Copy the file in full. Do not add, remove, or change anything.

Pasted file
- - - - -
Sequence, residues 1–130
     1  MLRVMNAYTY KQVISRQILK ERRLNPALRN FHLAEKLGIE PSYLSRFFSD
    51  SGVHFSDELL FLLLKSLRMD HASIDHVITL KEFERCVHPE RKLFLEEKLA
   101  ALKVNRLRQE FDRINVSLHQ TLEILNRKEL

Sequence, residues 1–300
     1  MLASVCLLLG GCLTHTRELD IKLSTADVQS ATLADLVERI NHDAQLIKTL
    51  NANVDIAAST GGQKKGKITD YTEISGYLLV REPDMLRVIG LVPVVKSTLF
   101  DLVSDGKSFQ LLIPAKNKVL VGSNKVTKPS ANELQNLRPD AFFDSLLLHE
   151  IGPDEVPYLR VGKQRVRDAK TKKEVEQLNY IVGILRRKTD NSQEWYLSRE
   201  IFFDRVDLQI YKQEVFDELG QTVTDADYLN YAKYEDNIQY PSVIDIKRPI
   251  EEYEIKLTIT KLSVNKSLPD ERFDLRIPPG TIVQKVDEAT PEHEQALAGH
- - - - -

Sequence, residues 1–130
     1  MLRVMNAYTY KQVISRQILK ERRLNPALRN FHLAEKLGIE PSYLSRFFSD
    51  SGVHFSDELL FLLLKSLRMD HASIDHVITL KEFERCVHPE RKLFLEEKLA
   101  ALKVNRLRQE FDRINVSLHQ TLEILNRKEL

Sequence, residues 1–300
     1  MLASVCLLLG GCLTHTRELD IKLSTADVQS ATLADLVERI NHDAQLIKTL
    51  NANVDIAAST GGQKKGKITD YTEISGYLLV REPDMLRVIG LVPVVKSTLF
   101  DLVSDGKSFQ LLIPAKNKVL VGSNKVTKPS ANELQNLRPD AFFDSLLLHE
   151  IGPDEVPYLR VGKQRVRDAK TKKEVEQLNY IVGILRRKTD NSQEWYLSRE
   201  IFFDRVDLQI YKQEVFDELG QTVTDADYLN YAKYEDNIQY PSVIDIKRPI
   251  EEYEIKLTIT KLSVNKSLPD ERFDLRIPPG TIVQKVDEAT PEHEQALAGH